The right wing viewpoint has won another victory in the California budget crisis- even though Democrats control the legislature.  It is long past time for the various progressive  forces in the U.S. , each of which is being crushed by casino capitalism, to work together to defend democracy. This requires unions, teachers, academics, Democratic Party activists and others to recognize that what they have in common is the need for a powerful united front to defend against the right wing onslaughts.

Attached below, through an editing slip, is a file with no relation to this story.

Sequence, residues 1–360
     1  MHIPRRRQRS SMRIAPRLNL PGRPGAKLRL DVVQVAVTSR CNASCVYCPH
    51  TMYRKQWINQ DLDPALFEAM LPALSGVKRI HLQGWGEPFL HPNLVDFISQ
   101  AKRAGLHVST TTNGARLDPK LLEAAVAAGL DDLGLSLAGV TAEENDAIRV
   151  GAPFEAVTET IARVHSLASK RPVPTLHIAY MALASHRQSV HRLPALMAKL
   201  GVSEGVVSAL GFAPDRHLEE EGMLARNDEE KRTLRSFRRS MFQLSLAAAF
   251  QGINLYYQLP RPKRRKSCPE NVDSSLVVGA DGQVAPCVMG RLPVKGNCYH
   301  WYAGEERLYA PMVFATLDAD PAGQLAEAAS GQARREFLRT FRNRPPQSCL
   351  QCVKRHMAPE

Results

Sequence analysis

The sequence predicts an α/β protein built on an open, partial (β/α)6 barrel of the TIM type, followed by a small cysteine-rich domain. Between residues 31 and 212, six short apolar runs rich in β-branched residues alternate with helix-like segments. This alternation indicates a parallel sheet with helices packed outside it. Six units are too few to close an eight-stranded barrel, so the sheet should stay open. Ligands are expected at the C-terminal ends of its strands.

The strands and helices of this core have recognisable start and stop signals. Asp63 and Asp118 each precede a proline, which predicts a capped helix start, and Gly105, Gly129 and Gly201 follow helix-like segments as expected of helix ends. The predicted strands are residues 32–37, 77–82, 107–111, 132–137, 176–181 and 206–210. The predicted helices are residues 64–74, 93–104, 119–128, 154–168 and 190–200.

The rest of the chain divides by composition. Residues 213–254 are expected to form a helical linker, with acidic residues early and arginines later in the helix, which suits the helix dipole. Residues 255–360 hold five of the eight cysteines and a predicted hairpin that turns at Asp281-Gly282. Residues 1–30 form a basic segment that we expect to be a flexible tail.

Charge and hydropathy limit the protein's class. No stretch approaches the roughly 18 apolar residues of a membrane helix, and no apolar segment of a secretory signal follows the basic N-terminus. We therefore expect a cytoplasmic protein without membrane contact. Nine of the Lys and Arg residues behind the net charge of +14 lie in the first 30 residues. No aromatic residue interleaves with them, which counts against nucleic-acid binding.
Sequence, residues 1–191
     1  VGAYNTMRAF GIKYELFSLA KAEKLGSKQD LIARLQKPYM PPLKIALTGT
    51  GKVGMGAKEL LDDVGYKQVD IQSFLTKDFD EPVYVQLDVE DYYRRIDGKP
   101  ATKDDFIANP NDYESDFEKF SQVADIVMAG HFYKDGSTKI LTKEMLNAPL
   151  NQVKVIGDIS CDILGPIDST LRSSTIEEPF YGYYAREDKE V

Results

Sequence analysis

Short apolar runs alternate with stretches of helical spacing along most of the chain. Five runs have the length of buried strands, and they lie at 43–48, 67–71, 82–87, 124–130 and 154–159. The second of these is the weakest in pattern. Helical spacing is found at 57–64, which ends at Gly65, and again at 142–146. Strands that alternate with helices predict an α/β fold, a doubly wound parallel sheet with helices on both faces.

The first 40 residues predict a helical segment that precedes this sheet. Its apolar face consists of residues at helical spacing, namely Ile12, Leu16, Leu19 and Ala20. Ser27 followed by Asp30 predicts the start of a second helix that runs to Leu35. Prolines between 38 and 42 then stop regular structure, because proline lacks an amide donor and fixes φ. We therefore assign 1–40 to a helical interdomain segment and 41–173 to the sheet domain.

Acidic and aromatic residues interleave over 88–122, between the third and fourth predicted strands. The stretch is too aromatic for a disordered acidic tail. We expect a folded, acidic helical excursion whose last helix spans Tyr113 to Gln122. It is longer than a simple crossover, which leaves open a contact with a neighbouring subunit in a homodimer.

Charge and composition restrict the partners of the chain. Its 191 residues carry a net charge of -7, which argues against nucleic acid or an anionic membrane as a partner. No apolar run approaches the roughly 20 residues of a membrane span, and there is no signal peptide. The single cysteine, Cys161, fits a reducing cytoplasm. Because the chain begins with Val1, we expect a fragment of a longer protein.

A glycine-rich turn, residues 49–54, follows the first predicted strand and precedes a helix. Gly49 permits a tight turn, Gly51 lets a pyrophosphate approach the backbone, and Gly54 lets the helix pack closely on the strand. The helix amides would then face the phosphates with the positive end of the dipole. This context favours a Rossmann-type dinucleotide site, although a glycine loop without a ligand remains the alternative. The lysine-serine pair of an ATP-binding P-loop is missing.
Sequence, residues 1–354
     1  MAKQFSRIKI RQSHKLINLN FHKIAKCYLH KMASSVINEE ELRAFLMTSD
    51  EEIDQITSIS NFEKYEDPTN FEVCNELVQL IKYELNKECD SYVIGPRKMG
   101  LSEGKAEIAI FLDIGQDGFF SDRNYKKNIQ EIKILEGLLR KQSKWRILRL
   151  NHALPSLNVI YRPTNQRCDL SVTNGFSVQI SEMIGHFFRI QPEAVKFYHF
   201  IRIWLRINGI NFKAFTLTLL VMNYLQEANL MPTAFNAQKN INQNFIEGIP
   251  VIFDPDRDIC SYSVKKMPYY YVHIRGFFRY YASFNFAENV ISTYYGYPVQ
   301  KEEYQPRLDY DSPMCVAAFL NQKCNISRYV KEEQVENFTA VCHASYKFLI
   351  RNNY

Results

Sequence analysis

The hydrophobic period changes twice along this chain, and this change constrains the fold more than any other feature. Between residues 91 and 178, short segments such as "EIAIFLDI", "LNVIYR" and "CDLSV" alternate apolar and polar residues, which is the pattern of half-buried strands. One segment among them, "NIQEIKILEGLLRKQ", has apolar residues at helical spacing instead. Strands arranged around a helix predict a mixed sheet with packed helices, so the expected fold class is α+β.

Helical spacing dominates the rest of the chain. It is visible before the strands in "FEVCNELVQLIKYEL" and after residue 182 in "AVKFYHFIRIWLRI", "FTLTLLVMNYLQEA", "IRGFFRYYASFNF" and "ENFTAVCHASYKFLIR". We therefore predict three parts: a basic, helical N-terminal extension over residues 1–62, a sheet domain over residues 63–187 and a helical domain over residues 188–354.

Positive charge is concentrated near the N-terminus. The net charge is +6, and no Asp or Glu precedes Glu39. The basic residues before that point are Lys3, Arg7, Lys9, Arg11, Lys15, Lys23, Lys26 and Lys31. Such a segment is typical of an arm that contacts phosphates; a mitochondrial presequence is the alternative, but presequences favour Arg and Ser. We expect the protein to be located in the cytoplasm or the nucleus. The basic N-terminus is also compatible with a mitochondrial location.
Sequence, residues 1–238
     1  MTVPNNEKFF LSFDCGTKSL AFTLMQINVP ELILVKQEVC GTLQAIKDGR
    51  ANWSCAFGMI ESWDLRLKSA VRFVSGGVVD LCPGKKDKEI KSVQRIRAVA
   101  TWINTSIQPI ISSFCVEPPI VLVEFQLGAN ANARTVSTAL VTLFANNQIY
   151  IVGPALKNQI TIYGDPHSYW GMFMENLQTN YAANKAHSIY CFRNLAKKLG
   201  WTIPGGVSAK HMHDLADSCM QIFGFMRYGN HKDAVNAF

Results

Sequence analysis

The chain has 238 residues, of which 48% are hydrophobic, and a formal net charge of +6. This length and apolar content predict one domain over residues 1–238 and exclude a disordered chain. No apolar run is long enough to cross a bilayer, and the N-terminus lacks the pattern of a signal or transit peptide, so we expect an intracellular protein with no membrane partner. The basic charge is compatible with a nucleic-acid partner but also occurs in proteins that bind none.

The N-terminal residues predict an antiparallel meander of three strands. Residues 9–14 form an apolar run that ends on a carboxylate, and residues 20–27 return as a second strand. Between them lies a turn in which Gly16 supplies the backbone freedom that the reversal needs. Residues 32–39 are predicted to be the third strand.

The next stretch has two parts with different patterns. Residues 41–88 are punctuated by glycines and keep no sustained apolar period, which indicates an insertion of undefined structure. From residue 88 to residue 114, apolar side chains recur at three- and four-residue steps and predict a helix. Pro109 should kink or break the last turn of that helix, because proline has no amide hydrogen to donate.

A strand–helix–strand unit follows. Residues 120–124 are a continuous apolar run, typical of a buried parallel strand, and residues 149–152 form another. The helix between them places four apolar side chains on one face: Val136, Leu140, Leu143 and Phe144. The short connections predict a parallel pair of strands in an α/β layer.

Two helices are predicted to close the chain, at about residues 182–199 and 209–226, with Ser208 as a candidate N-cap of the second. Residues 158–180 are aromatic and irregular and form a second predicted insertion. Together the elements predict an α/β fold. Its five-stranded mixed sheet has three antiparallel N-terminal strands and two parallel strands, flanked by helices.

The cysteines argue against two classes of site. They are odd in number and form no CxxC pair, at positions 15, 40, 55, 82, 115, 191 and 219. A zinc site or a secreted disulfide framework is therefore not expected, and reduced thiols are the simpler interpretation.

Change the USA.  Join the DSA!

 Yes, I want to join the Democratic Socialists of America. Enclosed is my dues payment of:

 Introductory $35                  r Sustainer $65                  r Student $20                   r Low Income $20

For information on DSA and Democratic Socialism visit our web site: www.dsausa.org


Street Address____________________________________________________

City___________________________ State___________ Zip_______________


Mail to: DSA, 75 Maiden Lane #505, New York, NY 10038

Democratic Socialists of America